By JOEL DURSTON
Grégory Gaultier and Mohamed Elshorbagy had the full-house crowd – many of whom new to squash – enraptured in a match full of spectacular squash which Gaultier, eventually, won 6-11, 11-3, 11-8, 12-10.
After 78 minutes of furious, frantic, gruelling rallies, and three game balls in the fourth saved, the Frenchman took the 19-minute-long fourth game 12-10.
After he found himself 8-4 down, Gaultier won a typically long rally, in which he played he behind-the-back volley, with a fine drop.
Then in the following rallies, he worked Elshorbagy out of position then finished with a good backhand volley drive and played a great flicked volley, delayed to almost the last millisecond, which wrong-footed Elshorbagy.
At 7-8, Elshorbagy worked the rally well down the forehand side, varying the length, and causing Gaultier to half-slip, half-dive on a short retrieval, which Elshorbagy improvised to push away at head-height.
And to bring up the gameball, Elshorbagy, after another amazing rally, produced a superb topspin backhand overhead drop-shot – the type of extravagant finish only he and a few others are regularly capable of.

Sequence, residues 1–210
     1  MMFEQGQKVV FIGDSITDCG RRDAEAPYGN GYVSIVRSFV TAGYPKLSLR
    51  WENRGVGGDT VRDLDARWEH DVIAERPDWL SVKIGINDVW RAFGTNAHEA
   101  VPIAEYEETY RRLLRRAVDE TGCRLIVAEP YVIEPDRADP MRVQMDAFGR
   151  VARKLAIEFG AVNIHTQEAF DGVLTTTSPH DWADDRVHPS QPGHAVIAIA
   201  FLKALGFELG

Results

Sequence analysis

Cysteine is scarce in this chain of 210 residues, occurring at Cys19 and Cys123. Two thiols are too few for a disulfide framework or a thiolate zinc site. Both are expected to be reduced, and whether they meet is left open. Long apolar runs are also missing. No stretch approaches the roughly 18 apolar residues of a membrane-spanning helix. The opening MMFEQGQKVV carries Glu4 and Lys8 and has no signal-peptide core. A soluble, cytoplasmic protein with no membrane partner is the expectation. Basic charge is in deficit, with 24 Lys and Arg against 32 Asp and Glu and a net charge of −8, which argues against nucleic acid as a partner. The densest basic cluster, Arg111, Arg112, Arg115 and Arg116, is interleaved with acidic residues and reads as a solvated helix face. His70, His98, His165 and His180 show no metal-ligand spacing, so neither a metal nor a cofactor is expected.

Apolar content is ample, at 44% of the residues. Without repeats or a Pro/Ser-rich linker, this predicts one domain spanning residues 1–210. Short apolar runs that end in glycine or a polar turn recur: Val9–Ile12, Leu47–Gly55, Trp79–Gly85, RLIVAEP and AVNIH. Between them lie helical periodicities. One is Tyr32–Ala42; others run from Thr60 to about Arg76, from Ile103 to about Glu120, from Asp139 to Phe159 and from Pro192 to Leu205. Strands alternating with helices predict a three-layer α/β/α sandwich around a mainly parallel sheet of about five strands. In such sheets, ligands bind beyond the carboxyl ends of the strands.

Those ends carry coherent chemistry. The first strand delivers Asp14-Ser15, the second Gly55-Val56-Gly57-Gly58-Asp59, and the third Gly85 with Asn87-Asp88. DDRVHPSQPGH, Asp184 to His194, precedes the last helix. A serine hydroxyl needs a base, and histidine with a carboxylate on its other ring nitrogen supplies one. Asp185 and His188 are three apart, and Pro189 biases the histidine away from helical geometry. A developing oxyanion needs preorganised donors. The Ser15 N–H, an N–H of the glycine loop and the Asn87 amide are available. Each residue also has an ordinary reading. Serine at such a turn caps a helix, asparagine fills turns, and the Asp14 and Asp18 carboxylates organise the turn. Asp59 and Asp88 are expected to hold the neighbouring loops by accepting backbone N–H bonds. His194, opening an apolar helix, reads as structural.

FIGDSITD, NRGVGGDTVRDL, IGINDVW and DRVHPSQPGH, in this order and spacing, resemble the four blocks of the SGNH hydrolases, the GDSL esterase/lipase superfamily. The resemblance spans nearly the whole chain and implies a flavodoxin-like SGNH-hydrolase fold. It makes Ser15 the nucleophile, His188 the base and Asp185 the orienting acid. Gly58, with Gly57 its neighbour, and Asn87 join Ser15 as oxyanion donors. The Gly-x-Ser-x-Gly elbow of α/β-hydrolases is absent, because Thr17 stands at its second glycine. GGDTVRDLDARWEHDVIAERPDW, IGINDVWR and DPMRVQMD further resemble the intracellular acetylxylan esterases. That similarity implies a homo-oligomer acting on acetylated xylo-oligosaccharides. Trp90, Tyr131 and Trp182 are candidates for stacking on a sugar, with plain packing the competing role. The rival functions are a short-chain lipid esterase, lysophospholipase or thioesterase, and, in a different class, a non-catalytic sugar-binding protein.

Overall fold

On his first match ball, he again worked it well, but this time missed an ambitious backhand overhead winner, and Gaultier saved another matchball with a backhand drive volley after Elshorbagy could only scrape it loose off the sidewall.
Then Elshorbagy received a no let, which was upheld after review, when, although slightly off-balance, it looked like he could fairly comfortably get to the ball. He had certainly done enough during the match to show he was capable of getting it.
At 10-10, it was, unsurprisingly, pretty tense, and the next four rallies, although still very high quality, ended up as lets – two either way.
At match ball down, Elshorbagy showed amazing movement to scramble up three balls on the back wall but couldn’t quite get to a Gaultier drop, for which he was given a no let, upheld after the additional review.
Elshorbagy had the better of Gaultier’s matchball, and probably three winners against normal opposition, including a ferocious boast – but Gaultier is not normal opposition and eventually forced the Egyptian to hit just one too many, and too fine, a drop shot.
But the warm embrace at the end of the game, showed just how much Gaultier had been pushed, and his respect for this rising – or already risen – star.